The Economics Nobel – asset pricing
A simple summary of today’s “Sveriges Riksbank Prize in Economic Sciences in Memory of Alfred Nobel for 2013″, or the Economic Nobel Prize as everyone incorrectly calls it:
Eugene Fama: You cannot really predict the price of a stock in the short run.
Robert Shiller: The ratio of stock prices to dividends (P/E) trends to be the same over time, so stock prices are also relatively predictable over time.
Lars Peter Hansen: You demand higher returns to compensate for riskier assets, especially in riskier times.
All of this points to investing based on how good an asset is, rather than the high speed trading or statistical arbitrage that drives most of the trades today. It’s a shot across the bows of the financial shenanigans that drove the insane valuations which created the global financial crisis. It’s a message of sanity.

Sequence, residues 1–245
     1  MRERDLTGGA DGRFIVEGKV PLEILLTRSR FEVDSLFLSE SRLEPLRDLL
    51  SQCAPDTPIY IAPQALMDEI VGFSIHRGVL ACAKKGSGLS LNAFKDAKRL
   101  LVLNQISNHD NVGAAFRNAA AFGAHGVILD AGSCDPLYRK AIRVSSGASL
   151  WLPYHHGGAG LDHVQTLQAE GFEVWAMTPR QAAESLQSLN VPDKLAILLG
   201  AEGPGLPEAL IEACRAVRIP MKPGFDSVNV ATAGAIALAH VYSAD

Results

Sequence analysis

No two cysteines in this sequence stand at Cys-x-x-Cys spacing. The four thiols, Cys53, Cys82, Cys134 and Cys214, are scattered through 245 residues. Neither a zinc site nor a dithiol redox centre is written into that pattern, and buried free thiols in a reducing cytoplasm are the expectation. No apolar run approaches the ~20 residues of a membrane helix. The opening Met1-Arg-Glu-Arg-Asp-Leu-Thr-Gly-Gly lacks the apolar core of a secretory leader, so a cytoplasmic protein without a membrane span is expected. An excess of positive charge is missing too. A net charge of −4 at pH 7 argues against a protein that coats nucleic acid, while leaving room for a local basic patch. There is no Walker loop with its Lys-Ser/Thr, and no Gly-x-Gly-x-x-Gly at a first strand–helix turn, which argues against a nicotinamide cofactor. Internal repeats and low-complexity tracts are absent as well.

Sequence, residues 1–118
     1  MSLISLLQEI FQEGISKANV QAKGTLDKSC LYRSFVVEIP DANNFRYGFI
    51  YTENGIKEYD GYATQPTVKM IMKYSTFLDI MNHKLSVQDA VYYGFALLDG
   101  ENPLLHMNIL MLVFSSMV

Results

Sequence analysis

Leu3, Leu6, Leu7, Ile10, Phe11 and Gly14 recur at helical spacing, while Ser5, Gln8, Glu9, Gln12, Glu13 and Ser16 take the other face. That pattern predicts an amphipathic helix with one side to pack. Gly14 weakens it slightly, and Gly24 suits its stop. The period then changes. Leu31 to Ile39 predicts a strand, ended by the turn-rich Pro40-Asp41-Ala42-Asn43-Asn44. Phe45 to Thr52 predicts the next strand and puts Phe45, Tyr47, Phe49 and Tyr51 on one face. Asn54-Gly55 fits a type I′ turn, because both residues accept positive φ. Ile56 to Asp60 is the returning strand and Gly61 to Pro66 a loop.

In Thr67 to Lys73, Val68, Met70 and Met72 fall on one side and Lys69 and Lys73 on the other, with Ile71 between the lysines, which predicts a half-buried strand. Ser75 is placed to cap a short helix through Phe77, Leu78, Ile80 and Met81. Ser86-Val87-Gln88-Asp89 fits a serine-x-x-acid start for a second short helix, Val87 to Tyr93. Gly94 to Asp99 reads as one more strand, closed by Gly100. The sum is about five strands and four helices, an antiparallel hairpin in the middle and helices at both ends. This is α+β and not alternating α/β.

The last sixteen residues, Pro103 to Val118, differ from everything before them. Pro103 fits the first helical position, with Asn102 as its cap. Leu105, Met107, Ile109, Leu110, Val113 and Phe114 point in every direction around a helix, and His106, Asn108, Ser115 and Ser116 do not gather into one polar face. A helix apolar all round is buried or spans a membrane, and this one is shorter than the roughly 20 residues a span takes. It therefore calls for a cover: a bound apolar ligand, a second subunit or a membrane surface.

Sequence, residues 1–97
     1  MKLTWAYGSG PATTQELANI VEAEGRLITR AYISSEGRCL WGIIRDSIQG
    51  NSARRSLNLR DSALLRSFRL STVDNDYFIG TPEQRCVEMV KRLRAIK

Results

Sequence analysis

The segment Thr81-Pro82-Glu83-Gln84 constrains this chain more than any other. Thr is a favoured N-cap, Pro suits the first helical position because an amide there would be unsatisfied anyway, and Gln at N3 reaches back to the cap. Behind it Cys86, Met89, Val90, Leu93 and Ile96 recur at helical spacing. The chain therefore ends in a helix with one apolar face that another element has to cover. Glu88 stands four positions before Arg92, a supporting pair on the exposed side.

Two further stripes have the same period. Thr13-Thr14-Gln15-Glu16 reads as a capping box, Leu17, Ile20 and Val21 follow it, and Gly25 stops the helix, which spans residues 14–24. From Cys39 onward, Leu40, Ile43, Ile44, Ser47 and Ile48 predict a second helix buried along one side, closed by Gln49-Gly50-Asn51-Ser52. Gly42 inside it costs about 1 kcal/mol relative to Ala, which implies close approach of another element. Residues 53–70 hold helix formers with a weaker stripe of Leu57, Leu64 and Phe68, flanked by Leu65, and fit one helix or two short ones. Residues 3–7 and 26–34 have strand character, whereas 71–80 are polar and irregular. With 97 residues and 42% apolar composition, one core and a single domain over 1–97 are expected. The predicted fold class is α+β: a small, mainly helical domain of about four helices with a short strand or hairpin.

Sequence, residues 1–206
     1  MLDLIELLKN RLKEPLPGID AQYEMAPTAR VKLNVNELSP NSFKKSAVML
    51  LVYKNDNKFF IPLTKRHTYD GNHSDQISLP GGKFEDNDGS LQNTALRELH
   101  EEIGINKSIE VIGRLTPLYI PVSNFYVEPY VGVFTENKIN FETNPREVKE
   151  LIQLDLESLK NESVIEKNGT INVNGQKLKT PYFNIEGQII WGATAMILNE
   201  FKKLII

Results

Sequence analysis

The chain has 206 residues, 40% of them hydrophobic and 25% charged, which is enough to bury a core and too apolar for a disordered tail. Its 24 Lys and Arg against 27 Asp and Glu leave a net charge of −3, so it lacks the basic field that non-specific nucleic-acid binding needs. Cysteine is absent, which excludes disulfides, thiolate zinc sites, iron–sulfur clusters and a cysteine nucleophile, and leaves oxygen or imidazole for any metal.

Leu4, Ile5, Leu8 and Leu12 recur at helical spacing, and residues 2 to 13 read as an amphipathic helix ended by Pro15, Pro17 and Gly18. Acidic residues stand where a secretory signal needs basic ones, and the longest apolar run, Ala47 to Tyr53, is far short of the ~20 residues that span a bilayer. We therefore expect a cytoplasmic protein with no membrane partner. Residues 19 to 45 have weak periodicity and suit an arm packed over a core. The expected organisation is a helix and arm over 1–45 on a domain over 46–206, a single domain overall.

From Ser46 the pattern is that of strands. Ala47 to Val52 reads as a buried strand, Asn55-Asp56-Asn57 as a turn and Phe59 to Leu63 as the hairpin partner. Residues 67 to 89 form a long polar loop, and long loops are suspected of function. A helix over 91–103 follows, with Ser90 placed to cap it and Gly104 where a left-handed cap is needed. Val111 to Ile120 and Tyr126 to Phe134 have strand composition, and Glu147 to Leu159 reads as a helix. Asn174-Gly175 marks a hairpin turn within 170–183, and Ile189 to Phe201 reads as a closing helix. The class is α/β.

Fama did a series of papers with Ken French from 1988 on asset pricing. Ken,who taught me finance at Yale and is a simply outstanding lecturer, really misses out here as no less than 11 of his papers are cited in the Nobel Prize
(See NobelPrize.org's backgrounder to this year's Economics Sciences Prize here.)
Lance Wiggs is a director of the Punakaiki Fund.